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Writing as a Form of Self Healing

Writing as a Form of Self Healing

As a self employed writer, I am certainly able to attest to the fact that the written word has the power to heal. However, you don’t have to be an experienced or eloquent writer to receive the self healing benefits that writing has to offer. All that is required is that you channel your emotions honestly and that you write solely on emotion and not reasoning. The beauty of writing as a form of self healing is that it allows you to release your feelings and come to terms with the problems but does not hurt anyone else because you are writing for yourself and do not have to show the writing to anyone else.

The following are a few brief examples of when writing can be used as a form of self healing.

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  1. Writing a letter, that you have no intention of sending, to a person from your past that has done something you perceive as wrong and hurtful to you. In this letter you are free to express your true feelings and can “tell” the person how their words or actions hurt you.
  2. Writing a poem or short story that illustrates your pain can help you to heal by providing you an outlet for your feelings. The poem or short story can be a wonderful work of art or simply a piece that is true to your feelings. Either way it serves the purpose of providing you with an emotional outlet.
  3. Even writing a list of words that describe your feelings can help you to heal. Just taking the time to put these words on paper allows you to feel as though the pain that you feel is leaving you as you write.

When you write as a form of self healing the focus should be on expressing your emotions. Writing in a way that is grammatically correct or has proper sentence structure and use of punctuation is not as important as writing words that adequately express your emotions. Self healing stems from honesty and expression of emotion and if you stifle or censor yourself while you write, you will not heal during the process. Below are some helpful guidelines for writing in a way that is also healing.

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  • Set aside time to write as a way of healing. Provide yourself with at least twenty to thirty minutes of uninterrupted time to write. Allowing adequate time in a quiet space that is free of interruptions will enable you to concentrate on your feelings.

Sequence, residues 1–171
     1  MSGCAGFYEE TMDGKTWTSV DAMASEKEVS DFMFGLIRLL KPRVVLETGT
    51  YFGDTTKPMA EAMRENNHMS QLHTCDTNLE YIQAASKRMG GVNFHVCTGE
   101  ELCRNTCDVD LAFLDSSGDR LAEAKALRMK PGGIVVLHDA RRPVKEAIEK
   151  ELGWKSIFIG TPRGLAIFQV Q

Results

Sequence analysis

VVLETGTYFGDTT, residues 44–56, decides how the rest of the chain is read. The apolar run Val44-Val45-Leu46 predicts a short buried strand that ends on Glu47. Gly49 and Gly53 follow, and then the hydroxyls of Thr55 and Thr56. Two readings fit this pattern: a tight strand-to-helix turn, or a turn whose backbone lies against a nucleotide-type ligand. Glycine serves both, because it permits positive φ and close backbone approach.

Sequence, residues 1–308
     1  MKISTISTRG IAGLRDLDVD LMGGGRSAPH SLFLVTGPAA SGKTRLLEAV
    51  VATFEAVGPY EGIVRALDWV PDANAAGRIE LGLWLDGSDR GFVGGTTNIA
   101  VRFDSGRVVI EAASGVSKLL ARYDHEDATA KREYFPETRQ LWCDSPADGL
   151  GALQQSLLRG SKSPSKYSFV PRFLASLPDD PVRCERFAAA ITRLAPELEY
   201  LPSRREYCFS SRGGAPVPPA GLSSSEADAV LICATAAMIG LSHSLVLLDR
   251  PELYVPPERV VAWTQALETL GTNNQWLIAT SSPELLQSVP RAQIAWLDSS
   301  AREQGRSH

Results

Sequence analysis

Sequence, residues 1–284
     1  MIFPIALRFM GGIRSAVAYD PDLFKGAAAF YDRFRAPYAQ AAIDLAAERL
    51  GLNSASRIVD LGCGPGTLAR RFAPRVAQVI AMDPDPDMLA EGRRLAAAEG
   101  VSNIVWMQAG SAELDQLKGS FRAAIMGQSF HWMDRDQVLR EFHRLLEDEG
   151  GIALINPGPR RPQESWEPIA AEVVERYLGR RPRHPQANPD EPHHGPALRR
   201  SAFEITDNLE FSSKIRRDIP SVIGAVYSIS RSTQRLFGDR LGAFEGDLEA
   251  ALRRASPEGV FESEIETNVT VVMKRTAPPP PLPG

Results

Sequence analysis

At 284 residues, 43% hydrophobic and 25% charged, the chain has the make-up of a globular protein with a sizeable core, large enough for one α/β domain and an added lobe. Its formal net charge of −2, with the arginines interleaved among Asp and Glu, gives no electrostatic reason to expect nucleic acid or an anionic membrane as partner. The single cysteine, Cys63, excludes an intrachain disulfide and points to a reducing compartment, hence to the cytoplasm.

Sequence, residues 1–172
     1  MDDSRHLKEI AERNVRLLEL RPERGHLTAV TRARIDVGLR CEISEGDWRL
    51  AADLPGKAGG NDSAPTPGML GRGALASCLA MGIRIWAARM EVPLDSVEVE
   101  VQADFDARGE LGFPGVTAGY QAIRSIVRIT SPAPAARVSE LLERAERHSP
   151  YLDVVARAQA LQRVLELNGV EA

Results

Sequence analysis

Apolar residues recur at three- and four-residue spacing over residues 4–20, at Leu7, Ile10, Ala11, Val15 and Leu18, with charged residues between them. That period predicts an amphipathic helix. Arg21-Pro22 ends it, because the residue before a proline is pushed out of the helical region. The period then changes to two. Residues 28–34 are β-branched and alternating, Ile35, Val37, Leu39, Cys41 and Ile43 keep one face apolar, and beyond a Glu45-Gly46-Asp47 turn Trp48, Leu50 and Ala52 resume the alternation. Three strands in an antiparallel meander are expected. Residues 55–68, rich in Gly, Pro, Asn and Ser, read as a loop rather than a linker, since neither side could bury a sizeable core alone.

• Writing freely is also very important. It is important to remember that you are just writing for yourself and no one else will see your words so you do not have to worry that your words are too harsh.
  • The style of your writing is also not important. It doesn’t matter whether you write a poem, a letter, a play or any form of writing that you choose as long as the words are genuine expressions of your feelings.
  • Grammar, sentence structure and punctuation are not important so while you are writing as a form of self healing, don’t worry about editing your writing. Just keep going until you feel the pain subsiding and you feel as though your writing is complete. There is no need to go back and edit your work unless you want to do so.
  • Sometimes it is helpful to read your words aloud after you have finished writing. If you are in a secure location where your words won’t be overheard and you feel comfortable doing so, it might be helpful to read your piece out loud. This gives a voice to your writing and may be beneficial in the healing process.
  • Finally, it is advisable to destroy your writing either through burning or some other method of destruction when you have completed your writing. This puts a definitive end to the situation and helps to create closure. It also eliminates the possibility that your words will be read by someone that they might offend or hurt.

I certainly understand the value of writing as a form of healing. However, as a writer by trade, I don’t necessarily have an advantage over those who work in other industries. This is because writing for the purpose of healing, isn’t even remotely close to writing for publication. When you write to heal, you are free to write whatever you want with no restrictions or restraints. Grammar and punctuation go out the window and all that matters is the emotion behind the words.

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Last Updated on September 20, 2018